Travel Theme-Sport




Travel Theme.


While in Botswana  in 2014 we were introduced to the sport of

Impala Dung Spitting.

(I decided to be politically correct with the title)

Each contestant must finds his, or her,

own piece of impala dung before they can compete.

There is a lot of skill involved in the selection process alone.

Too fresh is not good.  Dung needs to dry a bit.

Too old is too light and lots of sucking must be done

to re-hydrate it the optimal spitting weight.

So probably it is best to come along about

a week after the impala…if you get my drift.

Our guides demonstrated.

The apprentice went first.
Sport_0317Note the stance.Sport_N1864aKnees bent.

Leaning back to gain maximum trajectory.

Sport_0317aBreath in….(through your nose),

then in one swift movement…

Sport__0319lock your knees straight….
Sport_0321raise yourself onto your toes

for added height and distance…

 Sport_0317bAND at the same time  curl your tongue

around the projectile and exhale…through one’s mouth!

Sport_0322Finally have your pellet spotter…

mark your pellet.

Sport_0326Now the master’s turn.

Note the slightly different style.

Weight initially transferred to the back foot…


Still slightly bent knees..

Sport_0330arms raised to help with trajectory.


and after a quick transference of weight

from back to front foot,

it’s pellets away…
Sport_1863ausing the rear leg for balance as the body leans

forward to gain trajectory and distance.

Sport_0334One this day the apprentice out spat his master.


 However, I think a draw would have been appropriate…

Sport_0336as you will notice that there is one guest…

Sport_0337walking directly into the line of spit.

Sport_0338This would be off-putting enough to put anyone

off their best spitting performance.

 We could possibly turn this  into an Olympic,

certainly an international event.

Sheep produce spit-able pellets,

as do rabbits and many other animals.

Just think of the headline

South Africa versus Australia

in the Dung Spitting test.


Where’s My Backpack:Sport



Travel Theme-Pastel




Travel Theme.



African Lilac Breasted Roller

is my pastel subject this week.


When I first sighted the Roller it was just another bird

 against a hot sunny South African sky.

High up in a tree my red and green colour vision loss

did not allow my eyes to see the colours.


It was not until I arrived home and saw the photos

on my computer that I appreciated its colours.

Although at nearly ground level and only 30-40 metres away,

the colours of this Roller were much easier to see

when sighted in Botswana’s Okavango Delta region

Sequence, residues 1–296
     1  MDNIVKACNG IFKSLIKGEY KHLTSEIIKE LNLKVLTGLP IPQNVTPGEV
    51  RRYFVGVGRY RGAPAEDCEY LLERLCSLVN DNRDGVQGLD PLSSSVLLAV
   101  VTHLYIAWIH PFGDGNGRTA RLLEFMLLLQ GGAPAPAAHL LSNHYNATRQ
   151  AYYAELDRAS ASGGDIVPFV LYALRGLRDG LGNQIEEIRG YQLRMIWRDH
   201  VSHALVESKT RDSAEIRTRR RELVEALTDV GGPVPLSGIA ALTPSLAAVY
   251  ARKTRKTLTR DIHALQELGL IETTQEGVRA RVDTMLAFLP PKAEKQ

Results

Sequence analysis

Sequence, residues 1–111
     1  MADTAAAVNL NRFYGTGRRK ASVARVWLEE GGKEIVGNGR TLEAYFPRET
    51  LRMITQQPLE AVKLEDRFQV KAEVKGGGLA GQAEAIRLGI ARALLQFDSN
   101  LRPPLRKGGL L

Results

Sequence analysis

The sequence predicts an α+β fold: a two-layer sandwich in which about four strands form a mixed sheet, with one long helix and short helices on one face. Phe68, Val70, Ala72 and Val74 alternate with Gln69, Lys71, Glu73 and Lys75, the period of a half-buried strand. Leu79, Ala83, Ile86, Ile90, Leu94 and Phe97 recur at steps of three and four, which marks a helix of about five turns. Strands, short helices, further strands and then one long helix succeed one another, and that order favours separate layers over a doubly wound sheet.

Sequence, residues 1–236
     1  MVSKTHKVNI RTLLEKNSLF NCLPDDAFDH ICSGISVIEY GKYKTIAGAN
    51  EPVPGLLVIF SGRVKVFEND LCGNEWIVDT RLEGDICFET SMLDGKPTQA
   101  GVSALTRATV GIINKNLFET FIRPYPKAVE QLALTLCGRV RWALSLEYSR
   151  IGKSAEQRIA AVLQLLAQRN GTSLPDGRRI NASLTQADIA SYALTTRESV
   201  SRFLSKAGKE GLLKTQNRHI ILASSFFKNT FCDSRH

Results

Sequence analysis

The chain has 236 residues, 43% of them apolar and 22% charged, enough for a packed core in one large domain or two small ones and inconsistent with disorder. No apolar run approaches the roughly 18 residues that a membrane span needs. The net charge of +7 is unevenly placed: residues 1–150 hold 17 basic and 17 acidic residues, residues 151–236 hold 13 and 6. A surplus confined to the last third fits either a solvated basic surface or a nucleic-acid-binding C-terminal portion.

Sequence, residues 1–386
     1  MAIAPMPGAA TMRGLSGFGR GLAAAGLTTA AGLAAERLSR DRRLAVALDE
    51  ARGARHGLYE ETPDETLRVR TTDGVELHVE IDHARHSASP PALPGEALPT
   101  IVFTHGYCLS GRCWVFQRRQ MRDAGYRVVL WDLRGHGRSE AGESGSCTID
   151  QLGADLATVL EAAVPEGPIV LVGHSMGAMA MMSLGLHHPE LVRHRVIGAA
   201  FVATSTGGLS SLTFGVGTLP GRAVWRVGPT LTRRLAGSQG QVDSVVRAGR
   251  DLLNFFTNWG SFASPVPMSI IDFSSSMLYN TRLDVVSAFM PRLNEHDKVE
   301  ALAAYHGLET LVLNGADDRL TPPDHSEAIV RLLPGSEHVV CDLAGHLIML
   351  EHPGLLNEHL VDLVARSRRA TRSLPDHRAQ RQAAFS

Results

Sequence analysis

the following year.


Where’s My Backpack: Pastel






Black and White Challenge:

Large Items.


Size is all a matter of perspective,  I think.


 This bloke may not be the biggest, however,

when he shakes is head at you,

the message is quite clear.

Clear off!

I’m not going to take him  on…are you?


This is Hopkins Falls, near Warrnambool

in Victoria’s South West.

It looked rather dramatic on Wednesday morning.

My other two visits have been during summer months

and nowhere near the flow there is at present.


This fisherman look rather large until…


I widen the angle a bit.

There’s a bit of danger nearby.


Pull back a bit further and our fisherman is dwarfed by

Victoria Falls.

victoria-falls_0201Mostly we look at the spot where the water is flowing

when we visit a waterfall.

These holes in the landscape are not caused by mining,

rather they are previous sites of Victoria Falls.


The very bottom of this shot shows a small,

from the air, river of water which has

eroded away some of the softer stone…

the beginnings of a new Victoria Falls.


Cee’s Black & White Challenge: Large Items




Travel Theme-Camping




Travel Theme.


Camping in Botswana.


Our accommodation for the night.


Tents up.

Lost a pair of glasses at this camp.

They turned up in another woman’s tent at the next camp 😦



Main thing was to get food prepared.


 And get the kettle boiled.


Our first night under canvas…but what a sight at sundown.


Where’s My Backpack: Camping








Black and White Challenge:

Tongues and Tails.


Back to nature this week.


Salt gets this tongue to work.


The Ground Hornbill.

Last week I posted its red eye in my Faces post.


Another of the first.


No prizes.


The best rear shot of a waterbuck I have.


Giraffes always appear to have their tongue out eating.


Finally, our guide always referred to this sight

as looking at the whole of Africa.

Never did work out what he meant 😉


Cee’s Black & White Challenge: Tongues and Tails





Travel Theme-Balance




Travel Theme.


I think this may be a Northern White Crowned Shrike.